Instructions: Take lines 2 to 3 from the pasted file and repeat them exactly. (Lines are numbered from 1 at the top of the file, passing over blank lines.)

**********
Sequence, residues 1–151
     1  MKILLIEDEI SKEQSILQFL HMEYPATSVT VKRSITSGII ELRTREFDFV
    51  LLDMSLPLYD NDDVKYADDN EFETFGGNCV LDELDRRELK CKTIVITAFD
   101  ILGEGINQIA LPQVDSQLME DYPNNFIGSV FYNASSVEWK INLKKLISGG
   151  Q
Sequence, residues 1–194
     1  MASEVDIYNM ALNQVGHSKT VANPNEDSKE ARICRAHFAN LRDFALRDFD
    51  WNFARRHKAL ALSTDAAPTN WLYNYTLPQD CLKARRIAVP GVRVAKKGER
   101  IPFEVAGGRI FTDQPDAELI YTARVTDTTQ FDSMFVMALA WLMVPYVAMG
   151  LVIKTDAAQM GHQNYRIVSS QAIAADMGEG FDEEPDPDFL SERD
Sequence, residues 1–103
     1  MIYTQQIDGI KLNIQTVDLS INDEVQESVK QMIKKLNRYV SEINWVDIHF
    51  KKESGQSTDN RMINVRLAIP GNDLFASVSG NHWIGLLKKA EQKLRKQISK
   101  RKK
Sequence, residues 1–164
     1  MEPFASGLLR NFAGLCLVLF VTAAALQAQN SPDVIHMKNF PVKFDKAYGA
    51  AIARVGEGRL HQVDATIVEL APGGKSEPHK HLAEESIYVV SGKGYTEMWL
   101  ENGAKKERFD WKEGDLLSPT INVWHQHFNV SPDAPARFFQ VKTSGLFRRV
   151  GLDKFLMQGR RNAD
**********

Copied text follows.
     1  MKILLIEDEI SKEQSILQFL HMEYPATSVT VKRSITSGII ELRTREFDFV
    51  LLDMSLPLYD NDDVKYADDN EFETFGGNCV LDELDRRELK CKTIVITAFD